Working with Students with Special Needs: Part IV – Classroom Modifications for Special Needs Students

Teacher Checklist

The following are some ways to modify the classroom environment for students with special needs:

  • Reduce the number of assignments.
  • Decrease the amount of writing in an assignment.
  • Modify tests (e.g., read math problems to student).
  • Extend time for assignment completion.
  • Participation at homework center.
  • Use a timer to determine the amount of time to be spent on a particular assignment.
  • Use visual aids when giving instruction.
  • Use short, concise directions.
  • Have a buddy repeat the directions to the student.
  • Student uses a personal chalkboard/whiteboard.
  • Provide a special study area.
  • Provide a special learning partner.
  • Have the student use a notebook/contract for organization.
  • Demand an organized desk area and notebook.
  • Timeout to another classroom.
  • Provide “activity breaks.”
  • Have the student dictate thought or story to an aide. Aide writes it down and student copies it.
  • Encourage student to use a marker while reading.
  • Change seating.
  • Put fewer problems on each page.
  • Assign short period of concentrated effort.
  • Shorten assignments.
  • Provide student with the opportunity to take the assignment home or to the homework center.
  • Provide written directions.
  • Encourage student to repeat your question before answering it.
  • Teacher lists assignment on board and student copies it.
  • Break complex directions into one- or two-step tasks.
  • Change class assignments.
  • Allow student to use earphones to screen out distractions while involved in a paper and pencil task.
  • Vary test format.
  • Deploy the student within classroom.
  • Have the student work with an aide or cross-age tutor.
  • Have the student use a computer for writing assignments.

3 thoughts on “Working with Students with Special Needs: Part IV – Classroom Modifications for Special Needs Students”

  1. Dana Niblett

    I teach a high school Chemistry and I have 2 inclusion classes. I teach a total of 15 special education students that each require different modifications. I have found several things that have worked really well with my students this year. First, I set up their notebooks for them at the beginning of the year. Since some of their modifications require that we work on their organizational skills, I require them to keep a notebook. For those studnets who can’t seem to keep up with thier notebook, I have a special place for them in my room and at the beginning of each day, they get their notebook from that place. At the end of each grading period, I give them a major grade that assesses how organized they kept thier notebook. This has worked magically for some of my students.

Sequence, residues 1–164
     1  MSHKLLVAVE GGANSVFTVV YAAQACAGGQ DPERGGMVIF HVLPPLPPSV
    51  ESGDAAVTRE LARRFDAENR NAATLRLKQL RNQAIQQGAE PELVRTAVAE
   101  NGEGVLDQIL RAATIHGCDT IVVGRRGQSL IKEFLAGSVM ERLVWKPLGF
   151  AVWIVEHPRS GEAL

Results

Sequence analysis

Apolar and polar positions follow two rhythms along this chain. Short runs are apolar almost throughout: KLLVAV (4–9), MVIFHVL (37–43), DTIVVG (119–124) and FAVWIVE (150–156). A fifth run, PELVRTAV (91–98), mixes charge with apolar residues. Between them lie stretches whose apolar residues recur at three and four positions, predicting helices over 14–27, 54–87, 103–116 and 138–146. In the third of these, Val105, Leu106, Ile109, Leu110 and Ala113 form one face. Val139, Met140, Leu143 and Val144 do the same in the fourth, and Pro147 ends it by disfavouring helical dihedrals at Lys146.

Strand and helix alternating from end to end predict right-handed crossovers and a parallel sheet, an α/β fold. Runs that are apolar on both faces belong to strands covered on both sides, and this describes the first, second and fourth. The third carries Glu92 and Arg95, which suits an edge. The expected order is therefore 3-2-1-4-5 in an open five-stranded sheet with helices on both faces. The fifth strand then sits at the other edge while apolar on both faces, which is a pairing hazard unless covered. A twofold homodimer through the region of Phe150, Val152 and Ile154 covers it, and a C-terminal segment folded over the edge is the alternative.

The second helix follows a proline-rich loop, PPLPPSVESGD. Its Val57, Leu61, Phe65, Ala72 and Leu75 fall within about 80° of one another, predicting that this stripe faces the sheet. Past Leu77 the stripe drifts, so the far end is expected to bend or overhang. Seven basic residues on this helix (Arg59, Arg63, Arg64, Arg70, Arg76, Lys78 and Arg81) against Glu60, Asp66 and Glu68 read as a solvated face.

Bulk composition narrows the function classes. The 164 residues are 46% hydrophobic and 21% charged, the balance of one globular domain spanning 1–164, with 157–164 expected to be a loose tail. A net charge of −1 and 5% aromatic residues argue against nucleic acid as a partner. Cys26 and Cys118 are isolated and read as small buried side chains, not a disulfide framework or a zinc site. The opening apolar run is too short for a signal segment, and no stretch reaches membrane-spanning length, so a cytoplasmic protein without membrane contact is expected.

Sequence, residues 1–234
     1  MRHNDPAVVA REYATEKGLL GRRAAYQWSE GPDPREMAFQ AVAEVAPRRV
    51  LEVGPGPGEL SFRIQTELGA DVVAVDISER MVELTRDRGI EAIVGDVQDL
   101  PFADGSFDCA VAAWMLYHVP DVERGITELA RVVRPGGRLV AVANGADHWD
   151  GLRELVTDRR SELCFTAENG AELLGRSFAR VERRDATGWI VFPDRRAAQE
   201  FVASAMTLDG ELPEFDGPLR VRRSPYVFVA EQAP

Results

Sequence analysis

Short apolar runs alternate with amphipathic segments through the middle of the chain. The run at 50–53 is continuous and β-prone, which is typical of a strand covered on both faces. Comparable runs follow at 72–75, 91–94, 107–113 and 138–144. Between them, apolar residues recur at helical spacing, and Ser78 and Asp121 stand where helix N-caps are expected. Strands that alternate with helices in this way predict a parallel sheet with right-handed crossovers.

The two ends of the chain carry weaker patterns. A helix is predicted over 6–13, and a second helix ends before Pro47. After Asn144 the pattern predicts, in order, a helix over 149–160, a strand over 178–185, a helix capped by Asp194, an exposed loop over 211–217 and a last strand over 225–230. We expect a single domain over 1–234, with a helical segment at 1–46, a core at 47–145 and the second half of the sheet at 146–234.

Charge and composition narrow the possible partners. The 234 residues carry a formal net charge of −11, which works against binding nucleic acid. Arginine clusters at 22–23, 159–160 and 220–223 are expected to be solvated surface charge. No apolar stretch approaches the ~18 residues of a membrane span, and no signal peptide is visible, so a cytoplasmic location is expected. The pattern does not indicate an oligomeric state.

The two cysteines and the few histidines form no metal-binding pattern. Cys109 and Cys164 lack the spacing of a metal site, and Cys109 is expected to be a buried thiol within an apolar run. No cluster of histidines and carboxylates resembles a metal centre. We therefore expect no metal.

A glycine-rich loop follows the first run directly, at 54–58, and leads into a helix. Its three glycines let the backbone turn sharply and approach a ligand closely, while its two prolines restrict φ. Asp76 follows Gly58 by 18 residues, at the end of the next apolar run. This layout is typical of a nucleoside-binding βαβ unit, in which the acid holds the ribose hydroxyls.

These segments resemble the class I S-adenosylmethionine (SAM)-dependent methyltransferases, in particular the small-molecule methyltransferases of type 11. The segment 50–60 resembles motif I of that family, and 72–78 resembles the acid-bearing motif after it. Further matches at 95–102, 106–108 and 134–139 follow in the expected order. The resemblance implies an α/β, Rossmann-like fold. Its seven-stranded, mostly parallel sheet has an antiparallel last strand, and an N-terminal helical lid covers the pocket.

However, I am teaching “Half Life” to some of my inclusion students. Half life is word problems and requires a little math. My regular ed studnets understand this fine, but my inclusion students are struggling. Does anyone have any suggestions that would allow me to help my struggling students, without making my regular ed students bored?

  2. Meaghan

    Great tips and suggestions. As with most teacher tips, these strategies all helpful for all students in your class, not just those with specific special education labels.

  3. TC Bear Post Author

    Hi Dana,

    You may want to incorporate realia into your explanation of the word problems. Perhaps the students who are struggling are visual learners and would understand the material better with tangible examples.

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